But when building a budget gaming PC build for around/under $500 - or even $600-$1000 to be honest - 8GB is perfect and fitting 12-16GB into your parts-list would probably not be a smart allocation of your money as you're better off sticking with 8GB when on a budget and investing that saved money into your graphics card and/or CPU.
Also, we've included dual channel RAM (that is, 2x4GB sticks instead of the 1 8GB module) because you do see an increase in gaming performance with dual channel memory compared to single channel. It's not a huge difference in frame rates, and perhaps a 5-15FPS increase at the absolute best, but dual channel RAM is usually around the same sort of price so you might as well go for them if you can to crank out those extra few frames.
450 to 500 watts is a good place to start when building a budget gaming rig, and for most setups this will be all the power you need now and for future upgrades. This $500 PC build has a fairly power-hungry RX 570, and the potential for overclocking your Ryzen CPU, but even with these considerations a 500 watt power supply is more than enough as you'll see from the total wattage of this particular parts-list in the specs above (up to 250w). But you don't just want to get any model you can get your hands on, as choosing a good computer power supply is always important - even for a budget gaming PC.
The EVGA BT we've included is an excellent value option, and a nice balance of quality and price. It's not a high-end, super high-quality and highly efficient unit, but it's not a cheap low-quality one either. It's a decent unit with a good efficiency rating of 80+ Bronze, which is really the minimum rating you want to shoot for. But this rating isn't the only indicator of a particular unit's quality, and you also want to investigate into multiple reviews and sources to confirm it's a reliable one, and that's exactly what we've found from our research. Highly recommended value buy that will reliably power your precious parts for years to come, without breaking the proverbial bank.
Although it must be mentioned, a slightly better PSU choice for your budget gaming PC, and one from one of the most trusted manufacturers, would be the 500w Seasonic listed above. The EVGA BT is good enough for this build and cheaper at the time of writing hence why we chose it as our top pick right now, but I'd consider getting the Seasonic instead if it's the same price as the EVGA. The EVGA BQ is also worth considering if you want to spend a tad extra on a semi-modular design, which means you can detach excess cables that you don't use for a neater finished battlestation (the EVGA BT and Seasonic listed are non-modular, meaning all cables are fixed so you have to tuck them away if not using them, not a big deal for most people).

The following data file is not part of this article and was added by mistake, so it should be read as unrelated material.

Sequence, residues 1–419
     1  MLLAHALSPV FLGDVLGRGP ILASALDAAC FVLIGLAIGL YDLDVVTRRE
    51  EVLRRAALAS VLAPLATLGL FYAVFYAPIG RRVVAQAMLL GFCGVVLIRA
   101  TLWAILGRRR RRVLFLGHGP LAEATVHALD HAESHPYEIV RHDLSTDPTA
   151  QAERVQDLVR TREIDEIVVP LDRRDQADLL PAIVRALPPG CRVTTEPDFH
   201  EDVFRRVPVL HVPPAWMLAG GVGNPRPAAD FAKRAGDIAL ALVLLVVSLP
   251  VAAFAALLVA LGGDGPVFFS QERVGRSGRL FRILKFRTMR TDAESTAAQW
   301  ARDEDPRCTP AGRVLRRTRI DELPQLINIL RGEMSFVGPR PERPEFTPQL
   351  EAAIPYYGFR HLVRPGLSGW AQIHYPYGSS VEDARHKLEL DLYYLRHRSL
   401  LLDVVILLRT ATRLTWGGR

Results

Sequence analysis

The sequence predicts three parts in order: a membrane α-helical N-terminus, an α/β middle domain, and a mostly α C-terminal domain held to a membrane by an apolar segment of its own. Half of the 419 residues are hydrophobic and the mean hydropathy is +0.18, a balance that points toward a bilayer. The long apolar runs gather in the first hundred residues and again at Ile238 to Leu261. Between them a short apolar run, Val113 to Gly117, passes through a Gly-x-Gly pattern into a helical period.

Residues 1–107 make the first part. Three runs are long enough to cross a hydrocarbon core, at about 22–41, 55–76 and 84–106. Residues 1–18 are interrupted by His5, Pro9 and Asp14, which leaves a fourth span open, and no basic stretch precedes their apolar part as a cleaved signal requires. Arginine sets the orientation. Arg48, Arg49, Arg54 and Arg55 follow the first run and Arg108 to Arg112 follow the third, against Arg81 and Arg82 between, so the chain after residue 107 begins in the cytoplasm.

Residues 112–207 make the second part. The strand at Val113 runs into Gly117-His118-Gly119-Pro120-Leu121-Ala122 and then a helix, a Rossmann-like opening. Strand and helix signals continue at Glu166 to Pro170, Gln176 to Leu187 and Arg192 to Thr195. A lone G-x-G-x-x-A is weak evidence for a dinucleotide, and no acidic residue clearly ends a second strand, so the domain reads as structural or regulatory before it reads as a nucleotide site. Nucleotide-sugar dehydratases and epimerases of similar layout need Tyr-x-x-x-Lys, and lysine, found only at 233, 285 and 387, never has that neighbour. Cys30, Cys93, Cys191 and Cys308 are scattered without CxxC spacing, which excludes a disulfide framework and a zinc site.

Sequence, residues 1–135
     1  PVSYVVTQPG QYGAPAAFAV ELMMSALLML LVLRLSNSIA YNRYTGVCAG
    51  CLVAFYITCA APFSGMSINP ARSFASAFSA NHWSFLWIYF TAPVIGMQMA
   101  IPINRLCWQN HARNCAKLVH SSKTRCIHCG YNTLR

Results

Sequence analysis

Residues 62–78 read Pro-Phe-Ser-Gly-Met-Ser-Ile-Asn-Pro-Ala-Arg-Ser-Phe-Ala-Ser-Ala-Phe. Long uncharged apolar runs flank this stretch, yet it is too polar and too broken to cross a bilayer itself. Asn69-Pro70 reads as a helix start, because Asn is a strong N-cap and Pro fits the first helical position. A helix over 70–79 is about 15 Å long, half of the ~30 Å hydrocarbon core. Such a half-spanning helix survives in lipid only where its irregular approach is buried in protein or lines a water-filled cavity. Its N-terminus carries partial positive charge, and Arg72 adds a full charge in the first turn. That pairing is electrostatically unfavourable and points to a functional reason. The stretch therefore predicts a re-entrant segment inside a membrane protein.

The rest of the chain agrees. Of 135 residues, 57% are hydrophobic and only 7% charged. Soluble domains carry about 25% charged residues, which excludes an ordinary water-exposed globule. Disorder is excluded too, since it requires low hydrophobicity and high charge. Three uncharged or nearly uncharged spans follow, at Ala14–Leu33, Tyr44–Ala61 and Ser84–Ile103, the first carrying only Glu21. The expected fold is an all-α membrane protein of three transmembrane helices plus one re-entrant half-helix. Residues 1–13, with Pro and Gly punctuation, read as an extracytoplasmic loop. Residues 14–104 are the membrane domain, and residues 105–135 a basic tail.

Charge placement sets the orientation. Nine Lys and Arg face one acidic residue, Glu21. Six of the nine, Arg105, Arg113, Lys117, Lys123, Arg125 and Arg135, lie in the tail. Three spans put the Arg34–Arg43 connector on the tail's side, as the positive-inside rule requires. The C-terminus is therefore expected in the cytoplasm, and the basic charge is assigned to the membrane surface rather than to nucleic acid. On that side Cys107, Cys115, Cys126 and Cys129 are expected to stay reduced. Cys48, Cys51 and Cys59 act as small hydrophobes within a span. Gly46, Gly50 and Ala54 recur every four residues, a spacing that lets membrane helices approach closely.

Now to the case for the $600 mid-range gaming build to house your precious parts for years to come, and the Corsair 100R is an excellent value mid-range tower that's hard to fault for around 50 dollars. It's got a basic yet good-looking clean design that isn't all in your face, but you can definitely spruce it up if you like with some LED additions (lighting strip or using LED case fans which we'll get to below). It does have a nice see-through side panel window to see your finished build in action.
Another real good value case from ever-reliable Corsair is the Spec05 if you want to spend a little extra for a bigger side window that gives you an unrestricted look inside your battlestation once fully operational. Our main pick (the 100R) does have a see-through side window, but it's a little smaller which you may or may not prefer as this creates a more low-key look. If you choose the Spec05, it comes with one pre-installed red LED 120mm fan in the front so get a couple more 120mm fans for this guy.
Case Fan Setup for the Corsair 100R
The 100R only comes with one case fan though - a 120mm fan pre-installed in the back - so the question you're likely asking in your mind is whether or not you need another fan or two (or 3 or 4 or 5 - the 100R supports up to 5). For this type of gaming PC build, I would go for 2-3 fans in total, so that means buying 2 more fans.